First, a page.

In the instant petition, Petitioner raises the following six claims for relief: (1) the trial court's erroneous denial of Petitioner's request for mistrial after the victim testified about his prior incarceration and parole; (2) the erroneous admission of the victim's hospital records; (3) the erroneous admission of Petitioner's prior uncharged violent acts against the victim under California Evidence Code section 1109; (4) ineffective assistance of trial counsel for not moving to redact the tape of the victim's police interview; (5) ineffective assistance of trial counsel for not moving to exclude one of Petitioner's prior acts of domestic violence, which had been dismissed for insufficient evidence; and (6) the trial court and the parties' error in stipulating that the court reporter need not transcribe the court's oral instructions to the jury.

         Claims 1, 2, 4, 5, and 6 are unexhausted. Although all six claims were raised on direct appeal to the California Court of Appeal, the only claim presented to the California Supreme Court in the petition for review was claim 3-whether California Evidence Code section 1109 creates a legislative presumption of admissibility of prior uncharged acts of domestic violence. (LDs 1, 7). Petitioner appears to acknowledge that he raises five claims that are unexhausted, and therefore requests the Court to hold the petition in abeyance pending resolution of the unexhausted claims in state court. (ECF No. 23).

         Under Rhines v. Weber, “stay and abeyance” is available only in limited circumstances, and only when: (1) there is “good cause” for the failure to exhaust; (2) the unexhausted claims are not “plainly meritless”; and (3) the petitioner did not intentionally engage in dilatory litigation tactics. 544 U.S. 269, 277-78 (2005). Petitioner asserts that he was not aware that appellate counsel failed to exhaust five of his claims. (Id.). The Ninth Circuit has held that a petitioner's “‘impression' that counsel had exhausted an unexhausted claim does not constitute ‘good cause' for failure to exhaust that claim.” Wooten v. Kirkland, 540 F.3d 1019, 1024 (9th Cir. 2008). Accordingly, the Court finds that Petitioner has failed to demonstrate good cause for his failure to exhaust under Rhines and is not entitled to a stay.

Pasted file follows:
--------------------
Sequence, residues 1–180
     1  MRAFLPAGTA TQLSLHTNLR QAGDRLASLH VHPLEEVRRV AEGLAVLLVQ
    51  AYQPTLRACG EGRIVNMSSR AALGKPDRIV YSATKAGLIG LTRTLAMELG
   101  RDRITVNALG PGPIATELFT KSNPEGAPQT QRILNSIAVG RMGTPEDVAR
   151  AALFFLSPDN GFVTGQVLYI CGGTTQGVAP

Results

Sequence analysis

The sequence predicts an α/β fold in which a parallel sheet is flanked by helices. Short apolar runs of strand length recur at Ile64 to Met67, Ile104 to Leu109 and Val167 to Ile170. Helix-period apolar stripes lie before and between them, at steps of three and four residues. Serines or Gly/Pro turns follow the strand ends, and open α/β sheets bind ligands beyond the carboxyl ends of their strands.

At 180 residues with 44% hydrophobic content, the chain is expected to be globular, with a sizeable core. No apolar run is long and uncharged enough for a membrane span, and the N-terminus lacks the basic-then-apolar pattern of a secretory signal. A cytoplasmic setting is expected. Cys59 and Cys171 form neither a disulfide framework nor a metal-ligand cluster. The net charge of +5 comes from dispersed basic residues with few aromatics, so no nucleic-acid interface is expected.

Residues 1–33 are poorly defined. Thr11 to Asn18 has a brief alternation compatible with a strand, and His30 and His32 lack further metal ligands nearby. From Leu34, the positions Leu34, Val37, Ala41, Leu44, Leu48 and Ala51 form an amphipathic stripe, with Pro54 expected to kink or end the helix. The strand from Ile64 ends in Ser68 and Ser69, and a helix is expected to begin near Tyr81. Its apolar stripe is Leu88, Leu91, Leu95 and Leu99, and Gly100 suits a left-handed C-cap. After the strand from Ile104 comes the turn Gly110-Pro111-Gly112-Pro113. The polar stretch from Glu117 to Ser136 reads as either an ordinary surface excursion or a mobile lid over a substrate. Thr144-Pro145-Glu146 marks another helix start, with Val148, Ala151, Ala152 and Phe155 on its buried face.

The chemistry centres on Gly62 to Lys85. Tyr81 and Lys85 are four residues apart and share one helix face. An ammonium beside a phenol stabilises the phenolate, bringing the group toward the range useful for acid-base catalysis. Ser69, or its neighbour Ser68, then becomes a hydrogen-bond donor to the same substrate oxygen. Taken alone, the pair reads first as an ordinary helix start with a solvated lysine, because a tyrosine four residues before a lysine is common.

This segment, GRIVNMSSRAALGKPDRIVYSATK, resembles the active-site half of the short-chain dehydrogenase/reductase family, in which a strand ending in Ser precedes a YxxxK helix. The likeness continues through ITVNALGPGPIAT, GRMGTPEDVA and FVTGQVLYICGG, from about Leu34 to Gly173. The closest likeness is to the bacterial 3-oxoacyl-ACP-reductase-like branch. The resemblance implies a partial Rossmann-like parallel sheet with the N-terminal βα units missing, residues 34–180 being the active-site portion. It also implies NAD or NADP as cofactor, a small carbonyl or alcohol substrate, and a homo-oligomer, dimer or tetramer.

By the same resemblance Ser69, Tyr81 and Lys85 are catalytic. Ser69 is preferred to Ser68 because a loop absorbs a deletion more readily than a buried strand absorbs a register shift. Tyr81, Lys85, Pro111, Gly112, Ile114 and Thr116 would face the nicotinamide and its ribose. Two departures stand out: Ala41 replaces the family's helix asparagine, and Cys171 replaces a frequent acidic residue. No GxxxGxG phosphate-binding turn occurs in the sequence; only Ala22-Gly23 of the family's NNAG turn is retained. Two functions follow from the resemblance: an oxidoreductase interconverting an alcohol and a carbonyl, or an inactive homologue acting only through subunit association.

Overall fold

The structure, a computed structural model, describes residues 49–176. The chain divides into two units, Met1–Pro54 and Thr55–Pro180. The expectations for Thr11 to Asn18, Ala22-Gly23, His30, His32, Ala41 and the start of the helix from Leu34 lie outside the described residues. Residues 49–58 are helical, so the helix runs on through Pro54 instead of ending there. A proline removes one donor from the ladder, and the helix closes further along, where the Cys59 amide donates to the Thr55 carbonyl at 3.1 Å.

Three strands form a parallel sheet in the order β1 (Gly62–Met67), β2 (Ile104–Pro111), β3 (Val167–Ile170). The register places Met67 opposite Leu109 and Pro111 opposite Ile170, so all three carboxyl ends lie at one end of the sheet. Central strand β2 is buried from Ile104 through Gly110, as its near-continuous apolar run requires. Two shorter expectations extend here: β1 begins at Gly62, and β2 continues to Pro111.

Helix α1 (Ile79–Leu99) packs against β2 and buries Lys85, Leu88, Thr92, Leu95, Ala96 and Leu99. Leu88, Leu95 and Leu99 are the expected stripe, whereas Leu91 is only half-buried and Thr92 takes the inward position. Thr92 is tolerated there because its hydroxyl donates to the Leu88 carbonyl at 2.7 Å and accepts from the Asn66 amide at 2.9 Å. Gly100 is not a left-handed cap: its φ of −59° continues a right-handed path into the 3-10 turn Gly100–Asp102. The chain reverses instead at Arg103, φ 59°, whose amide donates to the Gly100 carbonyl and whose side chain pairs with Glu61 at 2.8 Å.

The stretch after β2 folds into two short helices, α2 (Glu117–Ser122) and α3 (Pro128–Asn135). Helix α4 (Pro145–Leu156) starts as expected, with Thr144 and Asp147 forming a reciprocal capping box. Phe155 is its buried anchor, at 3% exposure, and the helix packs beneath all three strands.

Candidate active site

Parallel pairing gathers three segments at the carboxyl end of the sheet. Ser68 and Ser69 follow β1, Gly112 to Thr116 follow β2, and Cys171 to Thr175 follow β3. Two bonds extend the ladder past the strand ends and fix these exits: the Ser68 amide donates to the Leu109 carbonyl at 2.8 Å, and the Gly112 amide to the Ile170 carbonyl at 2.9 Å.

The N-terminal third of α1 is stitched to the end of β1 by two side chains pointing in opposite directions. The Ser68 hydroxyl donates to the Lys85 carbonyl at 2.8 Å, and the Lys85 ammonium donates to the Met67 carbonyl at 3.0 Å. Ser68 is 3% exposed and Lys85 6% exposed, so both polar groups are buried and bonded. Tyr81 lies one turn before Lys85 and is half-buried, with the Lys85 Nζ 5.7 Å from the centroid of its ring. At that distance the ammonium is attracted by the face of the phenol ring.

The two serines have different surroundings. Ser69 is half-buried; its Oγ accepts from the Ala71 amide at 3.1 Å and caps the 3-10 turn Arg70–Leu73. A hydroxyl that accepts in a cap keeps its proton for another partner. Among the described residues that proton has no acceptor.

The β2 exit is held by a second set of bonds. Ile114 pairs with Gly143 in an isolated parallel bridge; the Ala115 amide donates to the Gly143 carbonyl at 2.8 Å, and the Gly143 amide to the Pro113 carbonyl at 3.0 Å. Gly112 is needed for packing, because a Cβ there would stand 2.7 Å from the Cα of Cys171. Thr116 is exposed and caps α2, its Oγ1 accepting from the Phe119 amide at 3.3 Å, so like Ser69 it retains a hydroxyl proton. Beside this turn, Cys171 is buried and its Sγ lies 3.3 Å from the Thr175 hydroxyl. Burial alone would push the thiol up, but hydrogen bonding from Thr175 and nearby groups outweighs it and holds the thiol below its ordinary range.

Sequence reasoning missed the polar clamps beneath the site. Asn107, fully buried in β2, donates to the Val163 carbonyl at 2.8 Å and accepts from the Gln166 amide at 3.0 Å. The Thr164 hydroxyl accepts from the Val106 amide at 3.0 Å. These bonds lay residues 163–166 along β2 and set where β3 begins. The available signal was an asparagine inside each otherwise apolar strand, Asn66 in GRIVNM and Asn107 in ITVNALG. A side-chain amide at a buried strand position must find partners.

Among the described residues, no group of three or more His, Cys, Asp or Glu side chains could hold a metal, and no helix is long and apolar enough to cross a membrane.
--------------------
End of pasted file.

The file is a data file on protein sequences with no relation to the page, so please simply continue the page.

Rhines directs that “if a petitioner presents a district court with a mixed petition and the court determines that stay and abeyance is inappropriate, the court should allow the petitioner to delete the unexhausted claims and to proceed with the exhausted claims if dismissal of the entire petition would unreasonably impair the petitioner's right to obtain federal relief.” Rhines, 544 U.S. at 278. However, as discussed in section II(B), infra, the sole exhausted claim only raises an error of state law, which is not cognizable in federal habeas corpus. Therefore, dismissal of the entire petition is appropriate.

         B. Cognizability of Claim 3 in Federal Habeas

         With respect to claim 3, the sole exhausted claim in the petition, Petitioner alleges that the trial court erroneously admitted evidence of Petitioner's prior uncharged violent acts against the victim under California Evidence Code section 1109. (ECF No. 1 at 7). Whether such evidence was incorrectly admitted under the California Evidence Code is an issue of state law, and errors of state law do not warrant federal habeas corpus relief. See Estelle v. McGuire, 502 U.S. 62, 67-68 (1991) (“We have stated many times that ‘federal habeas corpus relief does not lie for errors of state law.' Today, we reemphasize that it is not the province of a federal habeas court to reexamine state-court determinations on state-law questions.”) (citations omitted); Langford v. Day, 110 F.3d 1380, 1389 (9th Cir. 1996) (“We accept a state court's interpretation of state ...